Mask-wearing tourists are flooding to a coastal town in China for an annual algal bloom known as ‘blue tears’.
The phenomenon is caused by bioluminescent plankton known as dinoflagellates, which experts say are damaging to the environment.
Footage taken on the beaches of Pingtan County, in East China’s Fujian Province, show tourists splashing through water during the algal bloom, creating waves of blue as the tiny sea creatures are disturbed.
Despite the ongoing coronavirus outbreak in China, images snapped on 21st March show visitors travelling in large numbers to the county’s Beijgang fishing port at the height of the bloom.
Images show them throwing stones and rocks into the water in order to create the otherwise stunning phenomenon known as ‘blue tears’ or ‘sea sparkles’.
Local fisherman Guo Hua, who took his boat out at night, told local media: “It’s hard to describe. It was like walking among stars.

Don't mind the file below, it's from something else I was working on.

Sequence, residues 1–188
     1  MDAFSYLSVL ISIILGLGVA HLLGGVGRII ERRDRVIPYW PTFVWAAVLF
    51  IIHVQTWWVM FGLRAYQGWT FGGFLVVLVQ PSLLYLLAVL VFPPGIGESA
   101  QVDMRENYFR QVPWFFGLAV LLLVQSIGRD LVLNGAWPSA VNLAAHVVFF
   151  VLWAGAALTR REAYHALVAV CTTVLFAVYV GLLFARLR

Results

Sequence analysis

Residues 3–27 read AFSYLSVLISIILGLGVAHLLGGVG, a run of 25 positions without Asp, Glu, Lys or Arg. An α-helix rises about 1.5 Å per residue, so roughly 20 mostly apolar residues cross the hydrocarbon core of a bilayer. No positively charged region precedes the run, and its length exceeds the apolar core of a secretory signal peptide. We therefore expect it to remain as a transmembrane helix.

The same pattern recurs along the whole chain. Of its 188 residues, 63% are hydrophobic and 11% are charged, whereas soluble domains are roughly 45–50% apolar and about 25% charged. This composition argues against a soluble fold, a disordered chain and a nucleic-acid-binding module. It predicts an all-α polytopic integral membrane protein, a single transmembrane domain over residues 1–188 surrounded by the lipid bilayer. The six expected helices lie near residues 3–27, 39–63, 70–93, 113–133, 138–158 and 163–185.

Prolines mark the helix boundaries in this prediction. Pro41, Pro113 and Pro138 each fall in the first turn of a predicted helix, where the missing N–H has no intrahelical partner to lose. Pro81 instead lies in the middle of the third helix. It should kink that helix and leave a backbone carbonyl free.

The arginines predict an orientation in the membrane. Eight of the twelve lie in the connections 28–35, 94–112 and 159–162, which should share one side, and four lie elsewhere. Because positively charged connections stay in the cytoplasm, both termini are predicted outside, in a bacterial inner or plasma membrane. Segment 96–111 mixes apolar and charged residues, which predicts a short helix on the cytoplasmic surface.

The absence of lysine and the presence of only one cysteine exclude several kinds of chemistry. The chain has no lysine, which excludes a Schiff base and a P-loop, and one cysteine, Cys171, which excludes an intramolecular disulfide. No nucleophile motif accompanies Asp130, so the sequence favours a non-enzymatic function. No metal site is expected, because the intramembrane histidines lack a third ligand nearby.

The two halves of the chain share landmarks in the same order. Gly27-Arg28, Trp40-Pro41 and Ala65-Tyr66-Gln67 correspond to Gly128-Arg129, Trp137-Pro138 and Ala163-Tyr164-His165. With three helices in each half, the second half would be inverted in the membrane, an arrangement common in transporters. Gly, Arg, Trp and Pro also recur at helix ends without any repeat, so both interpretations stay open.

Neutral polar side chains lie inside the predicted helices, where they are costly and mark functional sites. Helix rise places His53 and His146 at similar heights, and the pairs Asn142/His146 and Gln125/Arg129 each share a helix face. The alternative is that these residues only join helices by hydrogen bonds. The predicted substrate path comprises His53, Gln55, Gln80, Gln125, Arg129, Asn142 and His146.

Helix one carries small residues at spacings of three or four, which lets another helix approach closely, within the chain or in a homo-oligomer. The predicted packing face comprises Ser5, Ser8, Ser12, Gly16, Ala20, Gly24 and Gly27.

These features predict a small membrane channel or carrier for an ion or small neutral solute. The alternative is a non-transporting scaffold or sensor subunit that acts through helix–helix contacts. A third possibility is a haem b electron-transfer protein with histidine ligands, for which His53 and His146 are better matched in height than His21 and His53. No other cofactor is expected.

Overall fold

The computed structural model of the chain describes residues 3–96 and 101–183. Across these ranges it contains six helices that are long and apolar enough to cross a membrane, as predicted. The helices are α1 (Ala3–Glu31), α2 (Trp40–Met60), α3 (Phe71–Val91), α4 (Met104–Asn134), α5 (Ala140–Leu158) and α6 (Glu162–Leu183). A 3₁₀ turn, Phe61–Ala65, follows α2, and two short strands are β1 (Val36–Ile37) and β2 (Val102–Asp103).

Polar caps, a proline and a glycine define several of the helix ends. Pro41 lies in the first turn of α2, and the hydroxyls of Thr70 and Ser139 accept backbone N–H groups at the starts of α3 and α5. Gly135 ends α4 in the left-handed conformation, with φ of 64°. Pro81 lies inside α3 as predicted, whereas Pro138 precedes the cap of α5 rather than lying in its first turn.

“Everything was pitch-black. Only the sides of the boat were flashing blue. It was beautiful.”
According to reports, the algal bloom usually occurs between the warmer months of April and October. However, rising temperatures have brought forward the plankton bloom by a full month.
Studies have shown dinoflagellates plankton increasing in number year on year.
This is a concern as the creatures are toxic, posing a threat to local marine life such as turtles and fish when consumed. The yearly algal flourish also starves seawater of oxygen as they cover large sections.
While the cause of the plankton growth is unclear, they are likely fed by nutrient-rich river water flowing into the sea from agricultural farmland.
Another side effect of the tourist influx is reportedly the destruction of the fishing port’s embankment, which is being stripped of its rocks as visitors throw them into the sea to create waves.
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